New rules were published by the Equal Employment Opportunity Commission (EEOC) on May 17, 2016, under the Americans with Disabilities Act (ADA) for employers that have instituted “wellness programs.” Under the rules, employers must make sure participation in those programs is voluntary, and that the programs are reasonably designed to promote employee health.

The rule

The Genetic Information Nondiscrimination Act (GINA) generally prohibits employers from requesting, requiring, or purchasing genetic information. However, the Act sets forth specific exceptions to that prohibition, one of which allows an employer to acquire genetic information about an employee or that employee’s family members when the employer offers a wellness program to employees on a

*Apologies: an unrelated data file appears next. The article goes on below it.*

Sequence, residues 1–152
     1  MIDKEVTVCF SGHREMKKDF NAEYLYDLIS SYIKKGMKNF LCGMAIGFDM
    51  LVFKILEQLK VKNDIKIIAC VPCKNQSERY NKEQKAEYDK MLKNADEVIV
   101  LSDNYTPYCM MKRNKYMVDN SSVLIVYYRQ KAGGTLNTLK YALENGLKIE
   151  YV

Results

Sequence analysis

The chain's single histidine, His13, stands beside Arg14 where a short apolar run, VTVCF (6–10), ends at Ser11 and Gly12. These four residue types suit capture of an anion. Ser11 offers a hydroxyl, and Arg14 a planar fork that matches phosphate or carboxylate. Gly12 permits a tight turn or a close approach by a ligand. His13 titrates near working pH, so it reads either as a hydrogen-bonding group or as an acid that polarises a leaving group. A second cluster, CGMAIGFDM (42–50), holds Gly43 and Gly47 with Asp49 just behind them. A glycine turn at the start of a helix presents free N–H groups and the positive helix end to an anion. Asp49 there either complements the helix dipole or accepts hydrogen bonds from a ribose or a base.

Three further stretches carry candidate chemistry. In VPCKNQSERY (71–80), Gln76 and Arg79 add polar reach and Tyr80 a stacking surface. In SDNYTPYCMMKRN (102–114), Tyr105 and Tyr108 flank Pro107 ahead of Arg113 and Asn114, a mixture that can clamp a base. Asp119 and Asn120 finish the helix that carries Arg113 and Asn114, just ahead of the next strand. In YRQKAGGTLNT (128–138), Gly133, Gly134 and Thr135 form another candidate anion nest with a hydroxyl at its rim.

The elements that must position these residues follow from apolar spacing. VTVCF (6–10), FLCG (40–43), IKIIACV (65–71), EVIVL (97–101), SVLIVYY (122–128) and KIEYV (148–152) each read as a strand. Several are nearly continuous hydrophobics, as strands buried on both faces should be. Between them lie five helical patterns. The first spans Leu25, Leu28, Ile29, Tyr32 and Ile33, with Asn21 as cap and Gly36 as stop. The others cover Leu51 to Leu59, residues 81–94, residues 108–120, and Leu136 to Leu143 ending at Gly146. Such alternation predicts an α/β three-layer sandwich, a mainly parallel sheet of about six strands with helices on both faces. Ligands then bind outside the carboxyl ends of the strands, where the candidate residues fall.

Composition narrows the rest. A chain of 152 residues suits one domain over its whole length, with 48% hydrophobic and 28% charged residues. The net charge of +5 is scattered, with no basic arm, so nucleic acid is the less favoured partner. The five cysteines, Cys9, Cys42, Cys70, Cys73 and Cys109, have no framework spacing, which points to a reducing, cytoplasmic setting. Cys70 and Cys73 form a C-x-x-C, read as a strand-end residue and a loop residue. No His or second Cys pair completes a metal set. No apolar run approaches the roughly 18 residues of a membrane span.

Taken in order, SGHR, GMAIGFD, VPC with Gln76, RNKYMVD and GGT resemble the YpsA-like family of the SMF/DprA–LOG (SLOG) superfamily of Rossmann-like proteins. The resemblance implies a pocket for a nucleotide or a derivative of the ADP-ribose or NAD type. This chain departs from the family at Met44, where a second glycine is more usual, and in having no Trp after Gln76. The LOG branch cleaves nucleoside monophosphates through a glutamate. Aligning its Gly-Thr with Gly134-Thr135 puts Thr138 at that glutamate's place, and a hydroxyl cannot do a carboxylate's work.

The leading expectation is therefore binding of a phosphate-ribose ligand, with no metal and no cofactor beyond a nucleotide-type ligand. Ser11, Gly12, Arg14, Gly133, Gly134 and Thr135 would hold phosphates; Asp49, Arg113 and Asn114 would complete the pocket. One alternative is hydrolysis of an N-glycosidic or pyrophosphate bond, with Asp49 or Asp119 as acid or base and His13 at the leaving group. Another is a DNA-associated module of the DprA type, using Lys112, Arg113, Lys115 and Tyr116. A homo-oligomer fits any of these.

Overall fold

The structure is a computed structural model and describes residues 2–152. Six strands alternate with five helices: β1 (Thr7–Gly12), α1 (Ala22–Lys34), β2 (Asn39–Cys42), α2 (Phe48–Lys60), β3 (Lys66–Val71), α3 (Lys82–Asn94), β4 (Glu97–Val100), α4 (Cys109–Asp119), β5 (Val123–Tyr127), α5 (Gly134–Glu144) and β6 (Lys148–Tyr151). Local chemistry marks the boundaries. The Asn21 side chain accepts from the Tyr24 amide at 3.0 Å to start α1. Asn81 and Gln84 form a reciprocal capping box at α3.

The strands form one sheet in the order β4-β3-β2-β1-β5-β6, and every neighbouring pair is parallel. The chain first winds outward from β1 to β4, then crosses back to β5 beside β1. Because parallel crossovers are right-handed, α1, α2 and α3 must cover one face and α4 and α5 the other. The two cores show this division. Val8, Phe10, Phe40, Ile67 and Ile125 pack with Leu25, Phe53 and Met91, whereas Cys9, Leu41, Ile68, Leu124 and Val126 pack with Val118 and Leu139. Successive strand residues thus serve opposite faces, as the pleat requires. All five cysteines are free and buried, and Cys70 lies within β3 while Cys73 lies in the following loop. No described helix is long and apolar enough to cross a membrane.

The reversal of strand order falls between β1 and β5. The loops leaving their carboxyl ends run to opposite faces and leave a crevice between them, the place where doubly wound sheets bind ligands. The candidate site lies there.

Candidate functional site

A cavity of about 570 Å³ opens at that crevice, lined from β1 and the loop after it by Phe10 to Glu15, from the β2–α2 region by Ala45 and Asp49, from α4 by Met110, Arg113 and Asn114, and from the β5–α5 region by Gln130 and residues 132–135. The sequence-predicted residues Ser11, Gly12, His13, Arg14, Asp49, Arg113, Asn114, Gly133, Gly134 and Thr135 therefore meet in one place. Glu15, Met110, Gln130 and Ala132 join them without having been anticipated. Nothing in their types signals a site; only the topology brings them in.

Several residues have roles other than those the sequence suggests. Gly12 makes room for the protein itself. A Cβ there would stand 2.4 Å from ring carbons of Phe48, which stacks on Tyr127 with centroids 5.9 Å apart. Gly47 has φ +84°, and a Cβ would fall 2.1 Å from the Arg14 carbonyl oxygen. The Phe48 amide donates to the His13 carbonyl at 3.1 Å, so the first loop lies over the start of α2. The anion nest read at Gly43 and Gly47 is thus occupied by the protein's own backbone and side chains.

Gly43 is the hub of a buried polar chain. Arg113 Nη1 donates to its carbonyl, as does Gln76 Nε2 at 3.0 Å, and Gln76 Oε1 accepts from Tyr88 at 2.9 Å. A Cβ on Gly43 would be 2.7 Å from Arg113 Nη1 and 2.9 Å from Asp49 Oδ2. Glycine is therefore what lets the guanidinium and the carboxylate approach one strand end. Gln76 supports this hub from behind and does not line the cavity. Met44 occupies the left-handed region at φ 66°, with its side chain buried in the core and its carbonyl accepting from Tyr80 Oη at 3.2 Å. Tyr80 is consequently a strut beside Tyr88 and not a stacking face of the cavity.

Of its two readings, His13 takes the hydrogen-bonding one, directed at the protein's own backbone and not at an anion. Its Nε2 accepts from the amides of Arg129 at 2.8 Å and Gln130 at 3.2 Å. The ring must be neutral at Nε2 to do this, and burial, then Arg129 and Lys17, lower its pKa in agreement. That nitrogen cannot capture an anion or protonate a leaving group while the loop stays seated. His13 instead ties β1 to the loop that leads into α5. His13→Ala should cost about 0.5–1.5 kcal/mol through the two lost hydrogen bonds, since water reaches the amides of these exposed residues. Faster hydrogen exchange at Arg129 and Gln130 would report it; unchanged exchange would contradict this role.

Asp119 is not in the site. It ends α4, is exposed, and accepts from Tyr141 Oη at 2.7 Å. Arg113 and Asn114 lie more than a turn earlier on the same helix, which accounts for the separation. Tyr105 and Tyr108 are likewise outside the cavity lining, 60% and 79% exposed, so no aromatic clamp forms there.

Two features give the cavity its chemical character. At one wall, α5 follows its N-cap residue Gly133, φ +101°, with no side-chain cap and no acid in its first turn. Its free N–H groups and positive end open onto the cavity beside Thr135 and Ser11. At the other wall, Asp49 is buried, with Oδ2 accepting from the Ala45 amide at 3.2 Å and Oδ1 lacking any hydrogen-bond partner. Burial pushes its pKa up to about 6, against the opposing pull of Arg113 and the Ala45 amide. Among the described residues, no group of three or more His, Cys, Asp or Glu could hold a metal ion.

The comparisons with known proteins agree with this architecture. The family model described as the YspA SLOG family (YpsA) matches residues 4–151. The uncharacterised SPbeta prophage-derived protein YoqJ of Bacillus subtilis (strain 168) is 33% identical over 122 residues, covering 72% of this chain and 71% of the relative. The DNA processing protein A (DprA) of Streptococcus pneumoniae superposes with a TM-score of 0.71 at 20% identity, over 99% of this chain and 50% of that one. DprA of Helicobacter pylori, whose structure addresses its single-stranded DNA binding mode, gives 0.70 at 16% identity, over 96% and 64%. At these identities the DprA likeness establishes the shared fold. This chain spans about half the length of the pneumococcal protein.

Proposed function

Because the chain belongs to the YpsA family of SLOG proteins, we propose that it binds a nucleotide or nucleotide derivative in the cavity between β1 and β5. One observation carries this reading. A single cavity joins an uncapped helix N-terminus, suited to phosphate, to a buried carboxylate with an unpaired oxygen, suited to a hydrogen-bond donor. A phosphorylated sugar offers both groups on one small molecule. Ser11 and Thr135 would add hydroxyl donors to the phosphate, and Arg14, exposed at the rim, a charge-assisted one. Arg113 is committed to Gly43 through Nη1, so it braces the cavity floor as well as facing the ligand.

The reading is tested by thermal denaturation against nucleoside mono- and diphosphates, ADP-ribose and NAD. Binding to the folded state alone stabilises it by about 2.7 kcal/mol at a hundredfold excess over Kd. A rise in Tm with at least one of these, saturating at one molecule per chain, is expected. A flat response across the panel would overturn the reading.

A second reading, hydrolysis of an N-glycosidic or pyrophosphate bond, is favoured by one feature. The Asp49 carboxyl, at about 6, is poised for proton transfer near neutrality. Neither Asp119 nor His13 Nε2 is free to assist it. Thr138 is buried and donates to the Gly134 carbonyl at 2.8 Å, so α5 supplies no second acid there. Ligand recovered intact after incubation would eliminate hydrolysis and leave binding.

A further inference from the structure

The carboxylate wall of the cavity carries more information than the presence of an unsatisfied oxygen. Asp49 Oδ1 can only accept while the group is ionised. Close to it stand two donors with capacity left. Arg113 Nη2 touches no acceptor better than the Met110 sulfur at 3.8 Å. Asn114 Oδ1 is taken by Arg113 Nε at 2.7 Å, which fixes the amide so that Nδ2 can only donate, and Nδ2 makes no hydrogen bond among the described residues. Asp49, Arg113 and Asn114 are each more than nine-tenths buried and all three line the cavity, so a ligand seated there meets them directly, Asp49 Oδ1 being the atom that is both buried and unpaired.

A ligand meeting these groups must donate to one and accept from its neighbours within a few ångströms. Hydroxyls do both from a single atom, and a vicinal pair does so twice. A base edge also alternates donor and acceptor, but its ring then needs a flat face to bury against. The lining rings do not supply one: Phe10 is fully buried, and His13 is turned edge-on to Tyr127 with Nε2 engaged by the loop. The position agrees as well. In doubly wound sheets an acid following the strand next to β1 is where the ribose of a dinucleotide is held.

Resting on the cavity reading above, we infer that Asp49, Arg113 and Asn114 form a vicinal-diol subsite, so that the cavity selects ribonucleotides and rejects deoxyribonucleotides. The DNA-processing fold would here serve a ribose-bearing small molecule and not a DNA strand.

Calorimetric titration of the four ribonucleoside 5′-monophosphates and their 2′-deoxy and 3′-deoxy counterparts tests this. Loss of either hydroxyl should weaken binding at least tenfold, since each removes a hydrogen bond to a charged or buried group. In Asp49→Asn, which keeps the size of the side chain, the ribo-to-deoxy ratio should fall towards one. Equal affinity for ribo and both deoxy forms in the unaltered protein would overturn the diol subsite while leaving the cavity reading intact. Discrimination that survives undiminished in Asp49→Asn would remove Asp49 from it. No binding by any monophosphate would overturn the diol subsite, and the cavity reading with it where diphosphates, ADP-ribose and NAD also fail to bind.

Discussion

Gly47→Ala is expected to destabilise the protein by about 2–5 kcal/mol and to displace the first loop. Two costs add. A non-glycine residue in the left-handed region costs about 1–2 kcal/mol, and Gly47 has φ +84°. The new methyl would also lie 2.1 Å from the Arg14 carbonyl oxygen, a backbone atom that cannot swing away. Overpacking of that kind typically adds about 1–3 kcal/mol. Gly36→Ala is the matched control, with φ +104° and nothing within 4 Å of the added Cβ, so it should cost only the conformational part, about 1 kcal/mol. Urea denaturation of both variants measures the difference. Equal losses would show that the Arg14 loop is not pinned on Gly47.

With little fanfare and even less reaction from employers, the Genetic Information Nondiscrimination Act (GINA) took effect on November 21, 2009. GINA generally prohibits employers, employment agencies, and unions from collecting genetic information – which specifically includes family medical history – related to employees or applicants. The law also precludes any type of genetic testing